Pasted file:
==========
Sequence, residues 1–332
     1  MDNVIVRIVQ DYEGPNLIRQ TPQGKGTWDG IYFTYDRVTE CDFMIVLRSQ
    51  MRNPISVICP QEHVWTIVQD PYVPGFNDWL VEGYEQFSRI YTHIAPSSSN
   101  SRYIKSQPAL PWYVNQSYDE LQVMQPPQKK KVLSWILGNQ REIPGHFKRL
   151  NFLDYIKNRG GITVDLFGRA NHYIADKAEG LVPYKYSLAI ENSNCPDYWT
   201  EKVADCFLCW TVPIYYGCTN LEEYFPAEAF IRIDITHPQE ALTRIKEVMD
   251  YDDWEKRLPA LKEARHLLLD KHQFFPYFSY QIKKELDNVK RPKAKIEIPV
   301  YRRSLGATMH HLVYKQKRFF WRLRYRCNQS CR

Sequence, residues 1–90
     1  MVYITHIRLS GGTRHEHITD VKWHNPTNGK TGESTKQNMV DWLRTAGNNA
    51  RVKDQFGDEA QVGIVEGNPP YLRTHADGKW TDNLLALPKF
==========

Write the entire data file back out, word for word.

Sequence, residues 1–332
     1  MDNVIVRIVQ DYEGPNLIRQ TPQGKGTWDG IYFTYDRVTE CDFMIVLRSQ
    51  MRNPISVICP QEHVWTIVQD PYVPGFNDWL VEGYEQFSRI YTHIAPSSSN
   101  SRYIKSQPAL PWYVNQSYDE LQVMQPPQKK KVLSWILGNQ REIPGHFKRL
   151  NFLDYIKNRG GITVDLFGRA NHYIADKAEG LVPYKYSLAI ENSNCPDYWT
   201  EKVADCFLCW TVPIYYGCTN LEEYFPAEAF IRIDITHPQE ALTRIKEVMD
   251  YDDWEKRLPA LKEARHLLLD KHQFFPYFSY QIKKELDNVK RPKAKIEIPV
   301  YRRSLGATMH HLVYKQKRFF WRLRYRCNQS CR

Sequence, residues 1–90
     1  MVYITHIRLS GGTRHEHITD VKWHNPTNGK TGESTKQNMV DWLRTAGNNA
    51  RVKDQFGDEA QVGIVEGNPP YLRTHADGKW TDNLLALPKF